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Tuesday, 7 December 2004
Page: 128

Senator STEPHENS (9:27 PM) —The Tax Laws Amendment (Small Business Measures) Bill 2004 provides small business and non-profit bodies that voluntarily register for the GST the option to report and pay their GST on an annual basis. It also allows for annual apportionment of creditable purchases of input tax credits and it removes the requirement for businesses to make annual elections to pay their GST in quarterly or monthly instalments. With respect to input tax credits, it means that the apportionment exercise can take place once a year rather than once a quarter and, once a small business elects to pay quarterly GST instalments, it does not need to keep doing it. This is a small, positive step for small business in the compliance nightmare of the GST.

Since the introduction of the GST in 2000 the Howard government have been forced to concede that the compliance costs for small businesses in particular are unacceptable and they have made several unsuccessful attempts to remedy this. The measures in this bill are further examples of the bandaid measures the Treasurer has put together to reduce the extraordinary amount of time and money that small business spends complying with the complexities of the Howard government's GST reporting regime. Just last Monday the Australian Industry Group released a survey which indicated that the cost of compliance with government regulation is 4.85 hours per employee per month for small business. This compared with 0.78 hours per employee per month for large firms. For a firm employing 20 persons the estimated cost of compliance with government regulation was over $33,000 per year. This is consistent with the findings of the state Chamber of Commerce in New South Wales in 2003 showing that small businesses faced proportionately higher costs than large businesses. The government remains happy to rely on small business to be its unpaid tax collectors but will simply not act to decisively reduce the compliance costs that this involves. The burden of compliance is a hidden tax that the government imposes and there is now a pressing need to act to reduce this hidden tax burden.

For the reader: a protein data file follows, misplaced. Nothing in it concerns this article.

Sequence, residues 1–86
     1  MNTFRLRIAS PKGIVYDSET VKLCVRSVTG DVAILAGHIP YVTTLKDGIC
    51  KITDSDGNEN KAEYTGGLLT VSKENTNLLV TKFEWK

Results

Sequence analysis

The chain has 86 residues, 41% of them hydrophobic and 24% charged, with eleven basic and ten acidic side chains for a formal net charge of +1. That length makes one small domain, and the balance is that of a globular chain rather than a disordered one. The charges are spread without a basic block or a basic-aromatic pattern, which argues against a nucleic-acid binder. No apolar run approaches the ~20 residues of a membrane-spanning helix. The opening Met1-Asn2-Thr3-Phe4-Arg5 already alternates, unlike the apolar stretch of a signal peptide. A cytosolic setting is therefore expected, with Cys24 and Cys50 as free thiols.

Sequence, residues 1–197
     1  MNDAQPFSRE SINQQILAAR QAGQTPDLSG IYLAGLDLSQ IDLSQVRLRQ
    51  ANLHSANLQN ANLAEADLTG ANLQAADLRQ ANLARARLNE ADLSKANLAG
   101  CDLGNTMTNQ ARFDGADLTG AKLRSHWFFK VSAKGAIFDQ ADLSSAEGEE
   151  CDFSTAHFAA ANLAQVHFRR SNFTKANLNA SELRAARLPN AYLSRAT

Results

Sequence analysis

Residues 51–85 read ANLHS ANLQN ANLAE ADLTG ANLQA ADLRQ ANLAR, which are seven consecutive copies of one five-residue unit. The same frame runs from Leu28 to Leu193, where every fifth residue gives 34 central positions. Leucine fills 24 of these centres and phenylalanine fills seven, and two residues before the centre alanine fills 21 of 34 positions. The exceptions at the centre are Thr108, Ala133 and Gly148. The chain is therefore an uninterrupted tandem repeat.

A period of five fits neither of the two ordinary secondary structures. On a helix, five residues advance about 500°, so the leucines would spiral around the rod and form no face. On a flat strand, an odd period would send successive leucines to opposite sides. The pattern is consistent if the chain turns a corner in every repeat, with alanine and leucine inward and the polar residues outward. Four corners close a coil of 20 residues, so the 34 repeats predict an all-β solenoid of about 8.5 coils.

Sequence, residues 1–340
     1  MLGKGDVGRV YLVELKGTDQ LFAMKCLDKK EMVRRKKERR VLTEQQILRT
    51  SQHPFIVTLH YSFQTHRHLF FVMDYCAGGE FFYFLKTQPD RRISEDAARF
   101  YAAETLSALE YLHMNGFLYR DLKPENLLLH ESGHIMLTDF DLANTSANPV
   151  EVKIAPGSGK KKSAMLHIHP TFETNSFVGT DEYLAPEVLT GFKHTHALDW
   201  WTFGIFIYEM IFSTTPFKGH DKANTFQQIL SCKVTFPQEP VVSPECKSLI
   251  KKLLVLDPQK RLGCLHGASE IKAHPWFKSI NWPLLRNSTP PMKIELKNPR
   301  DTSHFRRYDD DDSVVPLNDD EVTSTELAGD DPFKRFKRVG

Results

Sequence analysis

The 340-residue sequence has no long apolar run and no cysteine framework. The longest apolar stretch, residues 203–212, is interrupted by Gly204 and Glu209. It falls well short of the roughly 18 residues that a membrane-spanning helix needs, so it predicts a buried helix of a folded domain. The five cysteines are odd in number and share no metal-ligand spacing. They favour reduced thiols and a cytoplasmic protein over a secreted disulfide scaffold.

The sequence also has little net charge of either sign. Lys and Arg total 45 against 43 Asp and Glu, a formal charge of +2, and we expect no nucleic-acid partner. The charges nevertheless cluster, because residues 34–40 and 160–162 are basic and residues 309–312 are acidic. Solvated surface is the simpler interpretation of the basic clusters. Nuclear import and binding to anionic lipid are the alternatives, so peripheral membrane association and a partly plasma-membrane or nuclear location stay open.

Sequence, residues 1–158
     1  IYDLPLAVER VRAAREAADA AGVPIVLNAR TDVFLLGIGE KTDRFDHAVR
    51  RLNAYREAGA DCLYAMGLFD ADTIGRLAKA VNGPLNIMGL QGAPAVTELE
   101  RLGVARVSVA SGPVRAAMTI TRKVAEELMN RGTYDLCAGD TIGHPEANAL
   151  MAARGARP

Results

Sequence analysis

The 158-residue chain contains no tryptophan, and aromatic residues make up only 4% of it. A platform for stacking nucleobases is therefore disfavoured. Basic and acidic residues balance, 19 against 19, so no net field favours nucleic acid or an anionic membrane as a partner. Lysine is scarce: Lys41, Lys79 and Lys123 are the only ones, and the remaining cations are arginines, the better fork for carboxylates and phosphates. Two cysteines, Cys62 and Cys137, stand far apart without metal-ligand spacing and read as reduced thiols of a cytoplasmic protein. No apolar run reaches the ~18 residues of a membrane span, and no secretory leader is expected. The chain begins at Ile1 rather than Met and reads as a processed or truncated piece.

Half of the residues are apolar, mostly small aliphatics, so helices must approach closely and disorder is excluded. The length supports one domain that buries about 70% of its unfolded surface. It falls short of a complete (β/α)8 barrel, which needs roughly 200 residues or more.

The opposition has advocated a superior measure of GST payment for several years now. It is called the ratio method. The ratio method is elegant in its simplicity. It will eliminate the need for quarterly and annual GST reconciliations. Under Labor's simpler BAS option, small businesses can easily adopt a simply calculated quarterly payment on their turnover. Each registered business using the ratio method would be given a GST ratio based on its own trading circumstances. The GST liability is calculated simply by multiplying the business turnover by this ratio. The method could not be simpler. Small businesses have to complete only one calculation and fill in two boxes on the BAS form. It will also provide a safe harbour from the potential costs arising from any tax audit for those adopting the new option. The new option will be completely voluntary. Small businesses can opt to remain in the current system without any change at all. The simpler BAS option will be individual or industry specific, based on reporting experience during the first two years of the GST, and employ a simplified ratio to turnover approach, with allowance for large or irregular business cost items. Labor will require that the simpler BAS option be revenue neutral and that it generate net compliance cost savings for small business.